The European Marine Energy Centre (EMEC) has been granted funding of over £500,000 (approximately $623,000) to support four feasibility projects focused on driving innovation and development in green hydrogen.
The funding will be allocated to conduct feasibility studies aimed at advancing novel solutions for hydrogen production, storage, and distribution. EMEC, as part of four project consortia, will lead the initiatives to explore various technology concepts for offshore and off-grid hydrogen production, seawater electrolysis, and the application of artificial intelligence in hydrogen logistics.
Let’s take a closer look at the projects that will benefit from this funding:
HySKUA (lead partner: EMEC): This study will focus on the offshore production of green hydrogen using a floating hydrogen production hub, potentially situated alongside Scottish offshore wind farms.
HyBrine (lead partner: sHYp BV Ltd): The feasibility study aims to achieve cost-effective, efficient, and sustainable hydrogen production by utilizing seawater as the water source. Technological advancements will eliminate the need for desalination systems and enable more durable and reliable electrolysis.
Feasibility of Explainable AI for Hydrogen Generation (lead partner: Intelligent Plant Ltd): This study will develop a decision support system that utilizes explainable artificial intelligence to enhance operational efficiency and logistics solutions for hydrogen production.
Off-grid Green Hydrogen Production Demonstration (lead partner: ORE Catapult Development Services Limited): The study will assess the feasibility of a demonstration project for off-grid green hydrogen production.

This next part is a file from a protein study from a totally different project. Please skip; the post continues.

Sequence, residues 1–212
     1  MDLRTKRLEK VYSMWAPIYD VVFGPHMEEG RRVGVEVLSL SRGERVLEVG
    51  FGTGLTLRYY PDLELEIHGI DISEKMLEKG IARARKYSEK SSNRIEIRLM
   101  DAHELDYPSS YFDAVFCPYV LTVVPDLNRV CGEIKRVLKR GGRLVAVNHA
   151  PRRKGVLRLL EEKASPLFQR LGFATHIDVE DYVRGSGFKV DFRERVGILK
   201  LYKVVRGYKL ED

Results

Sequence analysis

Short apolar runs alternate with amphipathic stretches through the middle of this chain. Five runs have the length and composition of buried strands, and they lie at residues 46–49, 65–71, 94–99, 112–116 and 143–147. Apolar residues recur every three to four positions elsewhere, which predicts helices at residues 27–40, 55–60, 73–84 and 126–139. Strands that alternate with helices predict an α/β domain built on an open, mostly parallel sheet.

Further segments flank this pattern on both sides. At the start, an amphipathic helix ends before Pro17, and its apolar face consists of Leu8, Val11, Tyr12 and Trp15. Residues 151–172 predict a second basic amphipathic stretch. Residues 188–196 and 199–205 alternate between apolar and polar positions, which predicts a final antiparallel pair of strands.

EMEC’s Hydrogen Development Manager, Matthew Storey, expressed his enthusiasm for the funding, stating that it reflects the Scottish Government’s commitment to integrating green hydrogen into the future energy system. EMEC’s expertise in applied hydrogen research and development, sustainable fuels, and techno-economics will be instrumental in leading the projects, particularly HySKUA.
These four projects address critical areas that require further research and development to unlock the potential of hydrogen in the energy mix. Through these studies, challenges hindering the scale-up of hydrogen technologies can be identified and addressed.
The funding awarded to EMEC is part of the Scottish Government’s Hydrogen Innovation Scheme, which has earmarked £7 million ($8.8 million) to support 32 projects across Scotland. Launched in June 2022, the scheme, under the Emerging Energy Technologies Fund (EETF), aims to facilitate the development and demonstration of renewable hydrogen technologies and products. It aligns with the Scottish Government’s ambition to achieve 5 GW of installed hydrogen production capacity by 2030.